We’re often taught it is better to give than receive. But I think there’s an unspoken part of this lesson: The more we give to others, the more we can receive back and give again. I knew I needed to receive. I had lost so much. And I sensed that telling my story would help.
So, I practiced more words and began to make speeches, first for my Suicide Support Group. I shared first-year survival tips like whether to make a favorite cake on Mark’s birthday (I did) or hang his Christmas stocking on the mantle (I did, but not all families do). Mixing research with personal experience to tell stories about my family is the presentation format I still use several times a year.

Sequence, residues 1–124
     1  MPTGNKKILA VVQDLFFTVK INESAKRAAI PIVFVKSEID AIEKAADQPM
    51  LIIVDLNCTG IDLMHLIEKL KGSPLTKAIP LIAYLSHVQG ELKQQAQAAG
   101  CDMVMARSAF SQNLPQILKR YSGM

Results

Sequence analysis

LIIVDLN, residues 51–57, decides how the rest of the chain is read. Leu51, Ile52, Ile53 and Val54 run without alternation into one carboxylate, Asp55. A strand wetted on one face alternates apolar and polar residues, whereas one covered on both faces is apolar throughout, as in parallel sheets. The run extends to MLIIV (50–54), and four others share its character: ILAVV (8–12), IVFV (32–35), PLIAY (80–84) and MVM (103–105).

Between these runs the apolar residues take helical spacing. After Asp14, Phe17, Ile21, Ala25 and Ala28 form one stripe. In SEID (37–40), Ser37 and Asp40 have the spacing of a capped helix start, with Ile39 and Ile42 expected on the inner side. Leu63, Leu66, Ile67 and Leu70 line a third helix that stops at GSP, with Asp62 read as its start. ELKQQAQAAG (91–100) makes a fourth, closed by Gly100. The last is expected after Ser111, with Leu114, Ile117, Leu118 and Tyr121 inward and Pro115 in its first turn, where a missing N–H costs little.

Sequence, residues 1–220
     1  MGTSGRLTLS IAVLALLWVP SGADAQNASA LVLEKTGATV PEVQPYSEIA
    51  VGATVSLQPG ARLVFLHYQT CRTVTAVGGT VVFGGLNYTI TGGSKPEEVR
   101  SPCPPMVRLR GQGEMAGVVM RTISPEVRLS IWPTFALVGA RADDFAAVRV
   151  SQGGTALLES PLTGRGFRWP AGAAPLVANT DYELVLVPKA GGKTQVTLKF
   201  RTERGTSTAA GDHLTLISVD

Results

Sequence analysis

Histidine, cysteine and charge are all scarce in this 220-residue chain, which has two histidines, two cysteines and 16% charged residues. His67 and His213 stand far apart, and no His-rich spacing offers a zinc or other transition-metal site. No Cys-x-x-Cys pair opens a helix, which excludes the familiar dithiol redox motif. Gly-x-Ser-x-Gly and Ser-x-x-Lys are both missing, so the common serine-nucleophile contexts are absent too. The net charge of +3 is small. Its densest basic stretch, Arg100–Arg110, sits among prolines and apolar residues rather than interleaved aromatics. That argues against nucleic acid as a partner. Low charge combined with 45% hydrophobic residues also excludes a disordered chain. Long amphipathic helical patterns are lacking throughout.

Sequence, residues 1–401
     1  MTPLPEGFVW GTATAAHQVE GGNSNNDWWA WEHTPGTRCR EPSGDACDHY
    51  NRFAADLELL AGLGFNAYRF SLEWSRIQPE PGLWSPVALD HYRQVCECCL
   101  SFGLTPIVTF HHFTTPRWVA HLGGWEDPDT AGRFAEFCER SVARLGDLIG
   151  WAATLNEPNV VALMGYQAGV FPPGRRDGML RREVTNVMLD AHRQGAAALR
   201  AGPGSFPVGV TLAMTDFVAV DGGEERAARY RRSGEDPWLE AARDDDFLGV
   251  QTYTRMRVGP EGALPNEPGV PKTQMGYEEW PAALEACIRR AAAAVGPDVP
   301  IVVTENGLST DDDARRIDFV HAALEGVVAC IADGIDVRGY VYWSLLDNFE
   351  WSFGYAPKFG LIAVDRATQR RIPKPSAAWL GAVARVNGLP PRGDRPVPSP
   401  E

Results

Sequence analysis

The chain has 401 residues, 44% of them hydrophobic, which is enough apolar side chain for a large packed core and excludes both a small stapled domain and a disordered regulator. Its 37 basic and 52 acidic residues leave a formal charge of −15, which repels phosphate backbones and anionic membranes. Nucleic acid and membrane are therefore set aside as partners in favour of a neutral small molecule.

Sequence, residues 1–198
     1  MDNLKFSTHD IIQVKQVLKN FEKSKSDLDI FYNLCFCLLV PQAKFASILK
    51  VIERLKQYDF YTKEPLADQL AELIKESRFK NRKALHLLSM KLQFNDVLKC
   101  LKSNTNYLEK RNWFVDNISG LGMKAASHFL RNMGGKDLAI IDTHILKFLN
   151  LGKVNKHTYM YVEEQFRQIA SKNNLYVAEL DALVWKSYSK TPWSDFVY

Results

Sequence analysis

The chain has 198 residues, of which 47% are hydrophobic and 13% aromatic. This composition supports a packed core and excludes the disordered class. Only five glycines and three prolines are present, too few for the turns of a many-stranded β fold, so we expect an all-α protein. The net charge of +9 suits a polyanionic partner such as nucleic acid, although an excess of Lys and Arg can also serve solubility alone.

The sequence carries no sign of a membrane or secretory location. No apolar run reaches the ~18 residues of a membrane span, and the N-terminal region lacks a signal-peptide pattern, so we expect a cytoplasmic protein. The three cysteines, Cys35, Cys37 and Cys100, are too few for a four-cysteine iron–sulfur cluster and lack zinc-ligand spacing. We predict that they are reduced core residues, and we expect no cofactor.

I was more experienced by September 2000, when I spoke for the first
QPR Gatekeeper training at The University of Tennessee, Knoxville. I was nervous. Standing before an auditorium full of colleagues and students and stating explicitly that my son had died by suicide felt challenging. As I waited, other presenters taught us to save a life using the QPR Institute’s progressive three-step intervention.
Question = Indirect: Are you very unhappy? Direct: Are you thinking about killing yourself? Persuade = Indirect: Will you let me help you find help? Direct: Will you go with me to get help? Refer = Indirect: Here’s a list of people you could contact for help. Direct: Let’s get you an appointment with a counselor or therapist. I’ll take you if you’d like.
Then I spoke about loss and missing, and why it was important to help those we thought were depressed. People took notes, nodding their heads in agreement. To close the training, I sang a song Mark’s younger brother Luke wrote for him. Somehow, I kept my voice steady for the last verse: